‘No-Fine’ Model at Pikes Peak Library District Sites Successful in Attracting More Users, Fewer Stuck Customers | Local news

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If you missed the deadline to return a library book, you can save your money.

A new program that the Pikes Peak Library District began implementing four years ago is achieving the goal of opening its shelves to more bookworms.

Customers no longer pay late fines unless they lose a book or other documents, and borrowed books that are overdue automatically renew for an additional three weeks, unless someone checks it. tail.

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The “no-fine” concept works, said John Spears, chief librarian and CEO of the Pikes Peak Library District, which operates 15 branches in the Pikes Peak area.

“The point of doing it was to get people back into the library,” Spears said.

After researching and studying the issue, “we realized that fines don’t work; on the contrary, they were a barrier to using the library instead of getting people to return things on time, ”he said.

“They did the exact opposite of what a library should be able to do: put documents in people’s hands. “

The model started in 2017 as a pilot with material for children and adolescents. It was launched in conjunction with an amnesty program, in which all outstanding fines were lifted.

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“It was a wonderful surprise for people,” said Spears. “We didn’t want people to be faced with fines. “

Due to the positive response, the program has expanded and fines were lifted in 2019 for books and adult material.

This is news for some.

“I didn’t realize that was the case,” Daniel Fernandez said recently as he used the Penrose Library in the city center.

“I have a library card, but I haven’t borrowed a book since the last time I paid my fines, that was some time ago,” he said.

The best measure of the program’s success, said Spears, is the significant decrease in the number of customers who are prohibited from borrowing equipment.

In 2016, before the program began, more than 31,000 clients were prevented from viewing materials because they owed money for accumulated fines.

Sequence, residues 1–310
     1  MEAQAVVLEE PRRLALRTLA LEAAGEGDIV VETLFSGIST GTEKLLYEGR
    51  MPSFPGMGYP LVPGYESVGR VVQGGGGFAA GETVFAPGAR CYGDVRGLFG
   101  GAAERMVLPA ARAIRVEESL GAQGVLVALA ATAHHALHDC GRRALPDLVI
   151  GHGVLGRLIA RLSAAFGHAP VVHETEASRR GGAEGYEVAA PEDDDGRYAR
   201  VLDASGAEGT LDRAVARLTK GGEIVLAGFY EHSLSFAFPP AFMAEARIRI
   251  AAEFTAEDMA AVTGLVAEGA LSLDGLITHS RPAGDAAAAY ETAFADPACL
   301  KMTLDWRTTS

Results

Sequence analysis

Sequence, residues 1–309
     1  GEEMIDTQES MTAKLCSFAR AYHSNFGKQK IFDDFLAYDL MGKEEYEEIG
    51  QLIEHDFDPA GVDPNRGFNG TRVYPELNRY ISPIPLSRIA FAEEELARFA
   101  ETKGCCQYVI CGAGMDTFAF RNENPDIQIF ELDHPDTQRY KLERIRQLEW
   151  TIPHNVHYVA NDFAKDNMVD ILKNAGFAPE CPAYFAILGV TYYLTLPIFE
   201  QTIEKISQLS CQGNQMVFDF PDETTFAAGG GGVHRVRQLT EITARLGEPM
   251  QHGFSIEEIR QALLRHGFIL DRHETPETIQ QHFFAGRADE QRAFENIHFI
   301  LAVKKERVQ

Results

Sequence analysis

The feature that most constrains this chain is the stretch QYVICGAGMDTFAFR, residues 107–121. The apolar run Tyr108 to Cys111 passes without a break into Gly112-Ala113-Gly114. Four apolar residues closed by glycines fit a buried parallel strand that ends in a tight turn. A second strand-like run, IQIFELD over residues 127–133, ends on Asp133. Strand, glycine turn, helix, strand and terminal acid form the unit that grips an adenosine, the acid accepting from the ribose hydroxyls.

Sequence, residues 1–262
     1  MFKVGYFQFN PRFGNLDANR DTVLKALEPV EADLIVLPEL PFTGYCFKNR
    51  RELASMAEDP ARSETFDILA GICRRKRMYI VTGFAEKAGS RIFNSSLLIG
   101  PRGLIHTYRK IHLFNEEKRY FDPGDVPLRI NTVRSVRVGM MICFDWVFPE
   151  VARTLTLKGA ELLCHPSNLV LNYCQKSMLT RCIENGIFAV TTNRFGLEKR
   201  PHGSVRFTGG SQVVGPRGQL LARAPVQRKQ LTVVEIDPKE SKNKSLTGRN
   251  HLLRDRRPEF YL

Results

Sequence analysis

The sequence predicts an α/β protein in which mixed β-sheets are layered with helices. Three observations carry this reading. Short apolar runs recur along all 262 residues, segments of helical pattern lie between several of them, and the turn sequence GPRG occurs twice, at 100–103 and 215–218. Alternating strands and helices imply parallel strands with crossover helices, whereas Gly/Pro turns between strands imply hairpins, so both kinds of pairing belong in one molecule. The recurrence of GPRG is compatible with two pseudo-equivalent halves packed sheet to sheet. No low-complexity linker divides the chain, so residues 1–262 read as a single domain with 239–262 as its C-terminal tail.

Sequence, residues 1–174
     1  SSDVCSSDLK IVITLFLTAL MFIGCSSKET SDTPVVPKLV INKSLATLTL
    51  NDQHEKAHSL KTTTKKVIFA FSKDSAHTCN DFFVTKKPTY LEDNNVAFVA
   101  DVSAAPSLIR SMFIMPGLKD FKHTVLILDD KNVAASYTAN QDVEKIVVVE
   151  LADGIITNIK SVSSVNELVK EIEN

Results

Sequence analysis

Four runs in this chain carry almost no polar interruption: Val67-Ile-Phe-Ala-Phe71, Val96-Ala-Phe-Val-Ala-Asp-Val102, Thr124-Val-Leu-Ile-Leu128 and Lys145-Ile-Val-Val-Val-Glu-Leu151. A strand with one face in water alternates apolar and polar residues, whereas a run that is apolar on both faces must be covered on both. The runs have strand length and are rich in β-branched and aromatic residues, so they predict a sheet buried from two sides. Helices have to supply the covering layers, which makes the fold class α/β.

This represented about 20% of all library users.

Now just over 18,000 are stranded, he said, a decrease of 42%.

Another study conducted by the Library District prior to freeing themselves from fines showed that the percentage of patrons prevented from using library services was inversely related to their neighborhood economy, Spears said.

“The richer the neighborhood, the fewer people are stranded,” he said. “It was a sign to us that a fine certainly wasn’t working, and it probably became a user fee.”

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In the first two weeks after the program was fully implemented, the library saw a 1% increase in overdue books, Spears said, but after that the system returned to similar levels “as we have had. fines or not “.

However, specialty items that can be checked out, such as Colorado state parks and hot spots and wildlife viewing backpacks, are still subject to outstanding fines, he said. .

Fines over $ 10 trigger blocked status; However, if a lost item is returned, the loss charges will be waived, Spears said.

The loss of income is minimal and likely made up for by work, he said.

Tax fines made up less than 1% of the library’s annual budget, he said, which this year stands at $ 36.8 million.

“Overall fines have been going down for some time, and the cost they have to people, their ability and willingness to use the library, and with all the work involved in collecting fines, sending notices, situation that it created at the checkout – when you weigh all of that, it was not good for the library to do that, ”he said.

“We want the experience of people at the library to be positive.

The Pikes Peak Library District was an early adopter of the no-fine model, Spears said, and most major libraries have now switched to the system.

Client satisfaction with the surveys has improved every year since the Pikes Peak Library District adopted the program, he said.

Approval of the program is what Spears hears most about when he’s on the go in the community.

“We hear so many stories – people said for the first time that they were going to get a library card, or parents allowed their kids to get their own card, or they had horrible experiences in it. passed with fines and were so happy that “That won’t be the case anymore,” he said.


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